I am using jdk 1.8.0_45, and our tests discovered a bug in rouding. RoundingMode.HALF_DOWN works the same as RoundingMode.HALF_UP when the last decimal that decide the rounding is 5.

I found related issues with RoundingMode.HALF_UP, but they are fixed in update 40. I also put a bug to the oracle, but from my experience they are really unresponsive.

package testjava8;

import java.math.RoundingMode;
import java.text.DecimalFormat;

public class Formatori {

    public static void main(String[] args) {
        DecimalFormat format = new DecimalFormat("#,##0.0000");
        Double toFormat = 10.55555;
        System.out.println("Round down");

        toFormat = 10.55555;
        System.out.println("Round up");

Actual result: Round down 10.5556 Round up 10.5556

Expected result(obtain with jdk 1.7): Round down 10.5555 Round up 10.5556

  • 2
    That bug doesn't reproduce with jdk 1.8.0_45. And I read the issue that you said, but is not the same problem. That issue was fixed. – cristi Jun 11 '15 at 11:14

Seems that it's intended change. The JDK 1.7 behavior was incorrect.

The problem is that you simply cannot represent the number 10.55555 using the double type. It stores the data in IEEE binary format, so when you assign the decimal 10.55555 number to the double variable, you actually get the closest value which can be represented in IEEE format: 10.555550000000000210320649784989655017852783203125. This number is bigger than 10.55555, so it's correctly rounded to 10.5556 in HALF_DOWN mode.

You can check some numbers which can be exactly represented in binary. For example, 10.15625 (which is 10 + 5/32, thus 1010.00101 in binary). This number is rounded to 10.1562 in HALF_DOWN mode and 10.1563 in HALF_UP mode.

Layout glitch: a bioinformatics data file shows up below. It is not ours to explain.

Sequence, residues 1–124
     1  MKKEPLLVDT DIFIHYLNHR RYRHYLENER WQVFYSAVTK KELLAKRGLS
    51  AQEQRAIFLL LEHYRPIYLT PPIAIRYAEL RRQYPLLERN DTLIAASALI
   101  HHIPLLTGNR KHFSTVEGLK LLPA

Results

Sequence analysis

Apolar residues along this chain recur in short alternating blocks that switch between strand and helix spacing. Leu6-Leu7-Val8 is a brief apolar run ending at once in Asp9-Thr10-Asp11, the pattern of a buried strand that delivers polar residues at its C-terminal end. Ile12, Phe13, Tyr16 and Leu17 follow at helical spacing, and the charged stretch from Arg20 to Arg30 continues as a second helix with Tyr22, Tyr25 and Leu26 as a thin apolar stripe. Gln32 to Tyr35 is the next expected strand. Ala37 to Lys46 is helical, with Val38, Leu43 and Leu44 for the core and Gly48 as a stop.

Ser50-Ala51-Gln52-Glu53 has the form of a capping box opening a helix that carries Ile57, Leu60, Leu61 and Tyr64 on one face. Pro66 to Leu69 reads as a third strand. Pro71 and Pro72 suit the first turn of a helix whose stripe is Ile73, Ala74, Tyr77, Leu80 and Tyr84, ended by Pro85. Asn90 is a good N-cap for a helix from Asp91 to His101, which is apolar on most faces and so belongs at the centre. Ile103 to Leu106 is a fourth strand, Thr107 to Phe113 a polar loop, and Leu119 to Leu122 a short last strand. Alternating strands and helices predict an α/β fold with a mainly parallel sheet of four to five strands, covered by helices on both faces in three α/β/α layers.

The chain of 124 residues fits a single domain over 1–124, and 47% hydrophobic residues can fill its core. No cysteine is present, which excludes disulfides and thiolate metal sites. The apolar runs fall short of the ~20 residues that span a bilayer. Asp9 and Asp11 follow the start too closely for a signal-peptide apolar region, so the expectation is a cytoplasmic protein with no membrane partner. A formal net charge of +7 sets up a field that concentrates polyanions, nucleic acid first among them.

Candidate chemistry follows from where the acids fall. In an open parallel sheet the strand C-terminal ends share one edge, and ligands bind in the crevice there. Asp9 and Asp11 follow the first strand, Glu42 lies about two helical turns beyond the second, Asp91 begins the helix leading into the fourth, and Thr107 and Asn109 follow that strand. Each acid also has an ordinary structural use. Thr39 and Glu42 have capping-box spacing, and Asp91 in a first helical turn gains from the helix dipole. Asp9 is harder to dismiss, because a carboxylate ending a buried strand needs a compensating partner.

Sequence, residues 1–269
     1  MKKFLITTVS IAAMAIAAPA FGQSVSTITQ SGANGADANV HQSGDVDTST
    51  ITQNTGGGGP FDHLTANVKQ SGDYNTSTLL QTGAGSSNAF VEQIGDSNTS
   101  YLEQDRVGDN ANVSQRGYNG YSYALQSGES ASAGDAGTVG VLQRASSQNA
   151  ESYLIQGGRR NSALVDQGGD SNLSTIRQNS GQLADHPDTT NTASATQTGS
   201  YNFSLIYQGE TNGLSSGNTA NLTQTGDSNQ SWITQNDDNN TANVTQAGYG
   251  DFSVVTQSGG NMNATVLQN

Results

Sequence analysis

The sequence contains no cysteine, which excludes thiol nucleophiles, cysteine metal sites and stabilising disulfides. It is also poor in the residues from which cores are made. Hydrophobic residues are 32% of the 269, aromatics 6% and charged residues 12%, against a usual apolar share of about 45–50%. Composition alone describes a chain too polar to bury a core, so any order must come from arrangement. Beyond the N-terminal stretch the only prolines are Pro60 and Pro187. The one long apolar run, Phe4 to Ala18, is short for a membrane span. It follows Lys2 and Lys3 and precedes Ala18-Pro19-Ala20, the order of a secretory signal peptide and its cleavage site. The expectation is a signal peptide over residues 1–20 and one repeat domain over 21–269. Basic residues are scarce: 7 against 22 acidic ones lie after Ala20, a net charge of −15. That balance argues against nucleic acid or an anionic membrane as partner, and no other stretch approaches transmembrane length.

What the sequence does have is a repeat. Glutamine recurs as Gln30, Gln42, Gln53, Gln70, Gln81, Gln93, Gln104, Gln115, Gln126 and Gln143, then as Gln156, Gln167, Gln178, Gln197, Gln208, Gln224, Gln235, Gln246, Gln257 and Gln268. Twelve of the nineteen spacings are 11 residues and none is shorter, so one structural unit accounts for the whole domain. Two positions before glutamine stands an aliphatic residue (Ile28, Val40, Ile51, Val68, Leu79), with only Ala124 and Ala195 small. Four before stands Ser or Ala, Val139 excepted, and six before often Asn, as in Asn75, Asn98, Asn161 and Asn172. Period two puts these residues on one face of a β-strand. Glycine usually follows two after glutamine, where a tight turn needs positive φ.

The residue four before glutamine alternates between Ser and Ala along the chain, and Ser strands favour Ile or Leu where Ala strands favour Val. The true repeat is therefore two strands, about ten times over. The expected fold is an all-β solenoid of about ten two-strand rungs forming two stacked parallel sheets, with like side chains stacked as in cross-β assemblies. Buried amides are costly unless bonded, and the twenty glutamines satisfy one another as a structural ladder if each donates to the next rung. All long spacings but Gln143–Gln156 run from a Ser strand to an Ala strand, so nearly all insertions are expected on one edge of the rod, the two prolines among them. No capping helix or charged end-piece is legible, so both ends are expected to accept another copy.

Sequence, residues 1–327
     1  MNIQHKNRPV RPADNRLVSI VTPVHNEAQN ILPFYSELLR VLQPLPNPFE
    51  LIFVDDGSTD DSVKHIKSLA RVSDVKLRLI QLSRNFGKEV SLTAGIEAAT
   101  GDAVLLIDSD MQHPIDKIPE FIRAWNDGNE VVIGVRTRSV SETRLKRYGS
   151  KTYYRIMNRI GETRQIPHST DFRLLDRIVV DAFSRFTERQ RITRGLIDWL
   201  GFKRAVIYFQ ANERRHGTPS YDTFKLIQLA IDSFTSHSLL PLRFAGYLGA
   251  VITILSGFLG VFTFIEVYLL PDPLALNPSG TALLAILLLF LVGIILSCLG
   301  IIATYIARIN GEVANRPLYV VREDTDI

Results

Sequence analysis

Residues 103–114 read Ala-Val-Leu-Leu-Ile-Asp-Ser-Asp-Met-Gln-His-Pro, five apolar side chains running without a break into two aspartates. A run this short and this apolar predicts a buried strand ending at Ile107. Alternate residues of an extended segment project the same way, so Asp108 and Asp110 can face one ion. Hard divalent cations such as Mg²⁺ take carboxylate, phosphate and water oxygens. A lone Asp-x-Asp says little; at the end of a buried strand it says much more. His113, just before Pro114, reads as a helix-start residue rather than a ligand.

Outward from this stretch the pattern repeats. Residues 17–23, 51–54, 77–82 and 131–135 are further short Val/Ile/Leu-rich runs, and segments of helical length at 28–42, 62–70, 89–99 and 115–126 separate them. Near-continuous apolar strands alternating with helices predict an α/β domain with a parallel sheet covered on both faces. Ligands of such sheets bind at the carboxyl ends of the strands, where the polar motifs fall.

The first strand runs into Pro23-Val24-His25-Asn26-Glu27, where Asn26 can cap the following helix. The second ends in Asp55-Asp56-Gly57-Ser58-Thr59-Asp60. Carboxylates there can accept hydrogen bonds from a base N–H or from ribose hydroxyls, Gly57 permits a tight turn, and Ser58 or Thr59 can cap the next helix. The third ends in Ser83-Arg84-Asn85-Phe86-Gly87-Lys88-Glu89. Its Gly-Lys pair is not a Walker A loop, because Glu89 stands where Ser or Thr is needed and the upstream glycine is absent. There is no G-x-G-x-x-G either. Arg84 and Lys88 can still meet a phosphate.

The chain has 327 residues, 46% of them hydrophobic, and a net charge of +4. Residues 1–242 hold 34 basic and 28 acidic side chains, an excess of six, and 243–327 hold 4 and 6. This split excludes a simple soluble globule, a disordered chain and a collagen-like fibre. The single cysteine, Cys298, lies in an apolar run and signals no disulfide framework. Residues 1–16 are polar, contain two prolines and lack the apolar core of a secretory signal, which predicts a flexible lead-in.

If you want to restore the old behavior, you can first convert your number to BigDecimal using BigDecimal.valueOf constructor, which "translates a double into a BigDecimal, using the double's canonical string representation":

BigDecimal toFormat = BigDecimal.valueOf(10.55555);
System.out.println("Round down");
System.out.println(format.format(toFormat)); // 10.5555

toFormat = BigDecimal.valueOf(10.55555);
System.out.println("Round up");
System.out.println(format.format(toFormat)); // 10.5556
  • Note that Java allows underscore in number literals. Using them to mark the point for rounding may help readers through the bunch of 5s… – Holger Jun 11 '15 at 12:05
  • 1
    I was about to post a similar answer since the behaviour seemed correct to me. This would be issue JDK-7131459. However it seems it should have been backported in 7u40 so why does it occur with 7u80? Or maybe this was a different bug? – Didier L Jun 11 '15 at 12:06
  • 1
    The DecimalFormat class does not say if it will work on the exact or the canonical representation of the double (unless I missed it) so both behaviours seem acceptable... – assylias Jun 11 '15 at 12:07

The change of behaviour is documented in the release notes of Java 8

When using the NumberFormat and DecimalFormat classes, the rounding behavior of previous versions of the JDK was wrong in some corner cases. [...]

As an example, when using the default recommended NumberFormatFormat API form: NumberFormat nf = java.text.NumberFormat.getInstance() followed by nf.format(0.8055d), the value 0.8055d is recorded in the computer as 0.80549999999999999378275106209912337362766265869140625 since this value cannot be represented exactly in the binary format. Here, the default rounding rule is "half-even", and the result of calling format() in JDK 7 is a wrong output of "0.806", while the correct result is "0.805", since the value recorded in memory by the computer is "below" the tie.

This new behavior is also implemented for all rounding positions that might be defined by any pattern chosen by the programmer (non default patterns).

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